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Duplicated Chargebacks in the Pharmaceutical Industry

Handling duplicated chargebacks in the pharmaceutical industry is one of the well-known problems in the industry, and can cost a manufacturer dearly, when left unchecked.

This article reviews types of duplicates and discusses the best practices of handling them.

Types of Duplicates

Duplicated chargebacks can be classified in two types:

  1. Unauthorized products submission, and
  2. Duplicated credit requests for the same sale

Unauthorized product submission happen when a wholesaler fails to report a negative chargeback for a product return, and then submits a second chargeback request upon re-sell of the very same product again. This issue is closely related to chargebacks on products purchased from third-party channels and short-dated products purchased at a discount, and thus ineligible for chargebacks.

Same sale duplicates happen when a wholesaler submits a chargeback request for the exactly same transaction more than once.


Unauthorized Product Submissions

The vast majority of chargeback requests – 99.67% in the pharmaceutical industry – are coming via EDI in the format of the form 844. Neither this form, nor file-based formats include serialization or lot numbers.

Even though some wholesalers are capable of sending global ID for each chargeback line, this has not yet become an established practice.

Without access to the unique line ID, the only alternative route of detecting unauthorized products and duplicated chargebacks is to rely on the validation by inventory. EDI 849 provides an error code A1 – Insufficient Wholesaler Inventory.

The algorithm of chargeback validation by inventory combines direct and indirect sales data with wholesalers’ on-hand inventory counts (EDI 852) and Product Transfer and Resale Reports (EDI 867) – and calculates the maximum quantity of units permitted to receive chargebacks per wholesaler for each NDC.

The calculations have to take into account the following factors, contributing uncertainties to the processing:

  • Drugs may be transferred between wholesalers’ distribution centers, meaning that “negative” projected inventory at hand at a certain distribution center does not constitute a reason to reject chargebacks coming from that distribution center
  • Chargeback submissions may be delayed for weeks, months, and even years. As the result, chargeback for a later sale may be approved while the chargeback for the prior one is rejected. Wholesalers have non-contractual sales diminishing their inventory, but not reflected in the chargebacks submissions. Reconciliation between 844 and 867 datasets is far from clear, due to some data being blinded and significant differences in key fields.

Validation by inventory detected a large percentage of chargeback requests as having inventory balance discrepancies. However, due to calculation complexity and explanations received from wholesalers, many of those questionable transactions were approved.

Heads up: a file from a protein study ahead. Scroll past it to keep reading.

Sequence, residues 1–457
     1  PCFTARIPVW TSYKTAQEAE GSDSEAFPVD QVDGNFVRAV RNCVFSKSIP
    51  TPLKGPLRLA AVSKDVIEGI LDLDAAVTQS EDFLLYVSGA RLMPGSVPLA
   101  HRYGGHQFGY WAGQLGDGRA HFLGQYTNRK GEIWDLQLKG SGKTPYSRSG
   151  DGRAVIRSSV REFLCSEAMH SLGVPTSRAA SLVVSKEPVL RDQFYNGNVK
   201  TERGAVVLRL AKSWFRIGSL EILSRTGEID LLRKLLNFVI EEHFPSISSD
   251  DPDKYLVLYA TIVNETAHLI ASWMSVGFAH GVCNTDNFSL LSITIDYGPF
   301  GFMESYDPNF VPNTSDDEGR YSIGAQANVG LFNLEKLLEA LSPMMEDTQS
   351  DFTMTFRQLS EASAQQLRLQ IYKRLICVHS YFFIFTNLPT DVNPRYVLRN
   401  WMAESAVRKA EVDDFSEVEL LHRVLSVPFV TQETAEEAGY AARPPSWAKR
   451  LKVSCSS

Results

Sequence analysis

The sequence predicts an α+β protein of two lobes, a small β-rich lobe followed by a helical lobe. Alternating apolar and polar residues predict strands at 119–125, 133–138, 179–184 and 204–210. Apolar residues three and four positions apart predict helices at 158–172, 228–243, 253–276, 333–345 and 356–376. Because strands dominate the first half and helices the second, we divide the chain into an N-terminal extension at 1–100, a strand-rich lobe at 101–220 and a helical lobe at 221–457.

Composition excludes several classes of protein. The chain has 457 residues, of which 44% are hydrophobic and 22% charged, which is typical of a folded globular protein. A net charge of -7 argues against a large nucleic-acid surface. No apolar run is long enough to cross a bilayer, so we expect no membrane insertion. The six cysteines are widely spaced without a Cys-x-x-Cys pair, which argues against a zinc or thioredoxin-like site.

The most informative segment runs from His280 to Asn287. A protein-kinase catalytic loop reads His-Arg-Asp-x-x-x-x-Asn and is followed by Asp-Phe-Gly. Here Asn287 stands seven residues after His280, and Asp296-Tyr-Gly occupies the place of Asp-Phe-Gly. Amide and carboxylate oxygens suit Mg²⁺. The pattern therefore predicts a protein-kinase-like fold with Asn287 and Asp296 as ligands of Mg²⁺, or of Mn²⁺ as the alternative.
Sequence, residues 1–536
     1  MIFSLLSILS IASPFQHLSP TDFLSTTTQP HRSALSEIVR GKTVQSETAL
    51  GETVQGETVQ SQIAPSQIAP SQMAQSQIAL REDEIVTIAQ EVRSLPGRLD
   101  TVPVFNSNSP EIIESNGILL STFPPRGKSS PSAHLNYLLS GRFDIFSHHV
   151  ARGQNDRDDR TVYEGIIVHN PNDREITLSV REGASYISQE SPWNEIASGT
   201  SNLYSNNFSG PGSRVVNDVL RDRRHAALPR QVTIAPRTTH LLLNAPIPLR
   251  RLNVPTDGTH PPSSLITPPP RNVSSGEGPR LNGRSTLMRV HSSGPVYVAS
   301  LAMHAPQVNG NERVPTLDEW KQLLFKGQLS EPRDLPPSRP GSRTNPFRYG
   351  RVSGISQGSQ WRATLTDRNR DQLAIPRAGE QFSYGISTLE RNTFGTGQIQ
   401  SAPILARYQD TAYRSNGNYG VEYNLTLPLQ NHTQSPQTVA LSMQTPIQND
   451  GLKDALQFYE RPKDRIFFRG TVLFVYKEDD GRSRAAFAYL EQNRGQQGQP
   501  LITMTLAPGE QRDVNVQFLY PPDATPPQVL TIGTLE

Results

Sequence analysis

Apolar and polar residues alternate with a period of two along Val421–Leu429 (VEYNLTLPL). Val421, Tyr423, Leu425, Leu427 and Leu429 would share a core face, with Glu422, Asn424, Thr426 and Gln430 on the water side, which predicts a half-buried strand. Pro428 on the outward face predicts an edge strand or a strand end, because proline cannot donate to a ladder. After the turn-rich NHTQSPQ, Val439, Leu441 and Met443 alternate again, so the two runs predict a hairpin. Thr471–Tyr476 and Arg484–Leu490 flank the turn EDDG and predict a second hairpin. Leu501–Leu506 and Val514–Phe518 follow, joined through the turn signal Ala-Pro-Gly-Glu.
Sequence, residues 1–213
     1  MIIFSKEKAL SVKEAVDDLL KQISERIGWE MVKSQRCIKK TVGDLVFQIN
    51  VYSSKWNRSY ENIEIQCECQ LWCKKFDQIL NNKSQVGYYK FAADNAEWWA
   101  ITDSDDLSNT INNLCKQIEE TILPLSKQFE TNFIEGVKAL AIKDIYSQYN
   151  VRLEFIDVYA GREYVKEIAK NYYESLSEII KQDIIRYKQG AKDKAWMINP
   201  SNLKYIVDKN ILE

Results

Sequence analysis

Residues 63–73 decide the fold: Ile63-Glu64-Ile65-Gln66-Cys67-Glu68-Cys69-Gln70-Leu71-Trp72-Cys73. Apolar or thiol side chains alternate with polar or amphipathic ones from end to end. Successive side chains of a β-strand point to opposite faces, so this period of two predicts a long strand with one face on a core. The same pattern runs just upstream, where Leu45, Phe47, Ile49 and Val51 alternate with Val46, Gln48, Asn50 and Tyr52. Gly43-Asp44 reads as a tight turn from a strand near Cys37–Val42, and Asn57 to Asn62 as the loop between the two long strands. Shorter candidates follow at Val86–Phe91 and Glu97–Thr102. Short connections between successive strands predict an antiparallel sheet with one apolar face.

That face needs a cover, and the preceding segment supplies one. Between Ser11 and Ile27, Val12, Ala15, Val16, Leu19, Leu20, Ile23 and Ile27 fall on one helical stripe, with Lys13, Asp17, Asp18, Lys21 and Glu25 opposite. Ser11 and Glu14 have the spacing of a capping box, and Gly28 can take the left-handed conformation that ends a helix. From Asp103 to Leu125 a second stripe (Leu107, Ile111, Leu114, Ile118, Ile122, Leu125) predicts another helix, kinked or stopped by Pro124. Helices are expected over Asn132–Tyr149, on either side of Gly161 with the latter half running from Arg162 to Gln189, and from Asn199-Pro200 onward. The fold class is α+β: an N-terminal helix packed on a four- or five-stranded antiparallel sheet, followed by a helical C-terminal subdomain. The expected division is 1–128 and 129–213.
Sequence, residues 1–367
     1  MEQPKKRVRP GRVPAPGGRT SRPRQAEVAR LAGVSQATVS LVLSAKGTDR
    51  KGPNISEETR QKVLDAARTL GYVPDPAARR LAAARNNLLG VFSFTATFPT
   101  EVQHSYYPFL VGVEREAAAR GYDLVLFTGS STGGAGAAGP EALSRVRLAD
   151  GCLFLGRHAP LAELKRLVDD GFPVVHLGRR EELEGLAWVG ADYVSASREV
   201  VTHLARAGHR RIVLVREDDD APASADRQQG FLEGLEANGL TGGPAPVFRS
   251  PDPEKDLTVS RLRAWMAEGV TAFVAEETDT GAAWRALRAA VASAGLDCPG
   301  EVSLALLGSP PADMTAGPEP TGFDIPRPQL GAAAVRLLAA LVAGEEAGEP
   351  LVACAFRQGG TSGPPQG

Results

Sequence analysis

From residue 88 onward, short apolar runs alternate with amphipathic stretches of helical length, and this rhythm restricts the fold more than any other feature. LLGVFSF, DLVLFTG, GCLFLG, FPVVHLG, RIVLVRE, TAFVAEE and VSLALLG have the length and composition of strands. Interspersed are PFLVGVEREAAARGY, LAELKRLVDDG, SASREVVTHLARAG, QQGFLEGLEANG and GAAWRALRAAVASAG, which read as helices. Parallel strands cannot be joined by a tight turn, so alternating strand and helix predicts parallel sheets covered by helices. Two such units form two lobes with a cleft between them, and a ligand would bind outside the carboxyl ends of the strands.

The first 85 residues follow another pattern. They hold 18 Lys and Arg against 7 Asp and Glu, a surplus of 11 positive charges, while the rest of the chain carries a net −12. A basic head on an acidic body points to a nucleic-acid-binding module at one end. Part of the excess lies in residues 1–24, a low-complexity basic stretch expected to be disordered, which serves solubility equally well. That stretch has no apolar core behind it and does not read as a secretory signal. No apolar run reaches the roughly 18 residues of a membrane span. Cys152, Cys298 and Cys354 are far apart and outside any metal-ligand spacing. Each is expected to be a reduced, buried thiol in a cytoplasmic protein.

Duplicated credit requests for the same sale

Duplicates of the second type occur when either the whole debit memo is repeatedly submitted in separate EDI files, or when an identical invoice line is submitted a number of times in one or several debit memos. The standards of processing EDI forms 844 provide code YY – Duplicated Line Entries – to reject such debit memos or lines.

Data analysis several years ago conducted on the transaction pool of about 30 million records collected over five years, showed that duplicated submissions of the second type constitute 3.67% of all submitted debit memo lines!

The vast majority of the duplicates – 95.8% – happen because the whole debit memos were submitted multiple times, often because of EDI transmission errors. And the good news is that such duplicates are quite easy to notice and to handle.

The other 4.2% happen because of repetitive submissions of the individual lines. Out of those records, 44.7% duplicated lines were coming in the same debit memos with the original submission, while the other 55.3% duplicated lines were submitted a number of days, months and even years after submissions of the original lines!

Several wholesalers implemented a system, which issues only one daily invoice to a customer. When a customer calls ten times to order an additional unit of a product, that invoice will contain ten identical lines for a quantity of one, rather than one consolidated line with a quantity of ten.

Once several wholesaler invoices are reviewed, duplicated lines on the same invoice should not be considerate duplicates.


Duplicated chargebacks in the pharmaceutical industry is a known case of revenue leakage, and needs to be addressed. Universal use of unique chargeback line identifier may be the key to solving this issue.

Until then, chargeback processing software has to automatically deny or approve duplicates depending on their type and on the specifics of the data submitted by the wholesalers.

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